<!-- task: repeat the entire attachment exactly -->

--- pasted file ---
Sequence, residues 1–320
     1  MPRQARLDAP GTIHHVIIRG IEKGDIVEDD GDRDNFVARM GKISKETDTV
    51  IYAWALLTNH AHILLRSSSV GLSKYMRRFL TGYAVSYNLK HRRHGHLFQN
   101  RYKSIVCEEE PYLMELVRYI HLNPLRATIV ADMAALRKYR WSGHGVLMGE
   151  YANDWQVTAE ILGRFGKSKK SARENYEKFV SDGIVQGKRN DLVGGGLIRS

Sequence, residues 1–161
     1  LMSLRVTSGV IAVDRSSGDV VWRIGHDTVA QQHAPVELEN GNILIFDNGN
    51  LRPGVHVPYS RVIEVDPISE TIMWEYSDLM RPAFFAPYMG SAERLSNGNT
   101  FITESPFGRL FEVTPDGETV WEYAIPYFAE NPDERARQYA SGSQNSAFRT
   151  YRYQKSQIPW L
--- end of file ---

Sequence, residues 1–320
     1  MPRQARLDAP GTIHHVIIRG IEKGDIVEDD GDRDNFVARM GKISKETDTV
    51  IYAWALLTNH AHILLRSSSV GLSKYMRRFL TGYAVSYNLK HRRHGHLFQN
   101  RYKSIVCEEE PYLMELVRYI HLNPLRATIV ADMAALRKYR WSGHGVLMGE
   151  YANDWQVTAE ILGRFGKSKK SARENYEKFV SDGIVQGKRN DLVGGGLIRS

Sequence, residues 1–161
     1  LMSLRVTSGV IAVDRSSGDV VWRIGHDTVA QQHAPVELEN GNILIFDNGN
    51  LRPGVHVPYS RVIEVDPISE TIMWEYSDLM RPAFFAPYMG SAERLSNGNT
   101  FITESPFGRL FEVTPDGETV WEYAIPYFAE NPDERARQYA SGSQNSAFRT
   151  YRYQKSQIPW L